In the wake of the COVID-19 pandemic, the State and Federal Court in California have become severely backlogged. For months, the courts were closed entirely, hearing only the most urgent cases (such as domestic violence, restraining orders and other protective order type cases). The courts have slowly expanded operations and started hearing other non-urgent matters by video conference. Unfortunately, jury tirals are still on hold and these limited operations have not begun to make a significant dent in the major backlog of cases to be heard. There is a reported backlog of over a thousand criminal trials in California courts. Criminal defendants have the right to a speedy trial, so these cases must generally be given priority over civil matters.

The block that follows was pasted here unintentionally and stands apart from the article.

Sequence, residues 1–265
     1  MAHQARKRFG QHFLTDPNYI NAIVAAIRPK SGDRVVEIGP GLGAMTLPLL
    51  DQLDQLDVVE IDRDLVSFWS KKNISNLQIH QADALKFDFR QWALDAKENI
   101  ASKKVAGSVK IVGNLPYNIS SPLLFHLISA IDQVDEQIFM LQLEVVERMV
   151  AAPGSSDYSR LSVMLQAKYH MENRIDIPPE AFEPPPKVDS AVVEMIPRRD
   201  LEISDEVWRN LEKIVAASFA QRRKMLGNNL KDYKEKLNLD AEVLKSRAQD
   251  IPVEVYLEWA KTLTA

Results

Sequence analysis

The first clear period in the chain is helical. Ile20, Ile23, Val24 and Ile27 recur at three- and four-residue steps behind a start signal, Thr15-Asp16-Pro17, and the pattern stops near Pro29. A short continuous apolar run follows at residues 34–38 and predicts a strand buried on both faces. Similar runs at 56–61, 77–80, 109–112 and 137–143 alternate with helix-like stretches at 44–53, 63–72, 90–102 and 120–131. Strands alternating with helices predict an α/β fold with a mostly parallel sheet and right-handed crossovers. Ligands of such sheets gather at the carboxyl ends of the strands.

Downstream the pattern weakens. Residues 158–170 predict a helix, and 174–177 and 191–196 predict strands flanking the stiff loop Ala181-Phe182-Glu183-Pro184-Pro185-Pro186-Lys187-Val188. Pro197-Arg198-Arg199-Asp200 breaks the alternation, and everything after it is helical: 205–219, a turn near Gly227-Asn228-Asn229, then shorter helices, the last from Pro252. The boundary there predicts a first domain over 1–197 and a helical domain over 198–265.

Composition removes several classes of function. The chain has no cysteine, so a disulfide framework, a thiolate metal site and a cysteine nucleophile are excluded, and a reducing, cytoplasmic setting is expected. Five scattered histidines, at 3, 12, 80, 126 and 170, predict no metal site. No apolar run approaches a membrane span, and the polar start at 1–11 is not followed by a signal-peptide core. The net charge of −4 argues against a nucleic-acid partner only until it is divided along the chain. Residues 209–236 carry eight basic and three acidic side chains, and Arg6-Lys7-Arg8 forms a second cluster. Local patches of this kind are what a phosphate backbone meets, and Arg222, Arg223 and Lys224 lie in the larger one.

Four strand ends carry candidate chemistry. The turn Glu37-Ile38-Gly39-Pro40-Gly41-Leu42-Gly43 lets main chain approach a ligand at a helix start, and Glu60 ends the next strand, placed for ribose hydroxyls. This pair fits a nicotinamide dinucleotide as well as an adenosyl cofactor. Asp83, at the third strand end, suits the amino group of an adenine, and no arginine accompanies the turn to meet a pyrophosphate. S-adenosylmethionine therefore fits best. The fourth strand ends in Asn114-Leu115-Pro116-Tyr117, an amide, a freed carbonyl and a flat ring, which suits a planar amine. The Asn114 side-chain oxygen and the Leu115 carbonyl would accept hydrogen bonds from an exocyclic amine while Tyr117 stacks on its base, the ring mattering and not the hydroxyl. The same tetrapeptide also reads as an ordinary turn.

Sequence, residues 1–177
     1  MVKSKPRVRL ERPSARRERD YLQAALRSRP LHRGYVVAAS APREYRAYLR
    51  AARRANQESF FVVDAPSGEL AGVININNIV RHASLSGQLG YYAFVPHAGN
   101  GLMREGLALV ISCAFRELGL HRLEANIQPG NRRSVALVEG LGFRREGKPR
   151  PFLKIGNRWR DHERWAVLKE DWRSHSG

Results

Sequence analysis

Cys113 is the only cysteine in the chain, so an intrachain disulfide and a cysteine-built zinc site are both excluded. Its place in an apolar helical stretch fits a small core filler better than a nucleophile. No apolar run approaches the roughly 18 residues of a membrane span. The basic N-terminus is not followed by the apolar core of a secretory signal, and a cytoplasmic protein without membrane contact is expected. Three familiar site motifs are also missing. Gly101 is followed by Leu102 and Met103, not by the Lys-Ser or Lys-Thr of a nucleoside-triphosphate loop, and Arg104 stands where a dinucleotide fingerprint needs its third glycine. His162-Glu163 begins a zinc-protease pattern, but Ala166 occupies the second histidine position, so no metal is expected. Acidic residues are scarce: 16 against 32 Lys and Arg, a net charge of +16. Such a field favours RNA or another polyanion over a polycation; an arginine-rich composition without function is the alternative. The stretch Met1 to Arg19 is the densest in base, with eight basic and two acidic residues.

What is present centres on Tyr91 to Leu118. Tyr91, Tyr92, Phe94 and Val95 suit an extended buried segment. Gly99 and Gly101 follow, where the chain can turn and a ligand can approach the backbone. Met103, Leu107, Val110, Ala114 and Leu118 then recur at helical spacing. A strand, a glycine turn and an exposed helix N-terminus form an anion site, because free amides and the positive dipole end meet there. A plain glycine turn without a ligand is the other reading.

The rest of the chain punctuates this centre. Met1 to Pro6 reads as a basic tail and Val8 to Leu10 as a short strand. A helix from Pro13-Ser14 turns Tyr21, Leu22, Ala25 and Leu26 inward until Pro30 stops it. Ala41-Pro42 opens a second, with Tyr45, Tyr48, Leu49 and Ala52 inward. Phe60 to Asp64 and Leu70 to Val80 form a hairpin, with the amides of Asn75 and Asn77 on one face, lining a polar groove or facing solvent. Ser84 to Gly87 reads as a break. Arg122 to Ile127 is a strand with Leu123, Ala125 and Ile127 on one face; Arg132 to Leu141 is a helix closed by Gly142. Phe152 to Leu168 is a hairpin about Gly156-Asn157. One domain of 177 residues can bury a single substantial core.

California Statutes That Create Civil Trial Preferences
Without any relief, the current backlog means that it could be months or even years before a civil case is scheduled for trial on a normal court docket. That being said, the California Code of Civil Procedure does create specific categories that allow a civil case to be given preference in trial scheduling. An experienced civil litigator can explain which, if any, of the following circumstances apply to an individual’s case: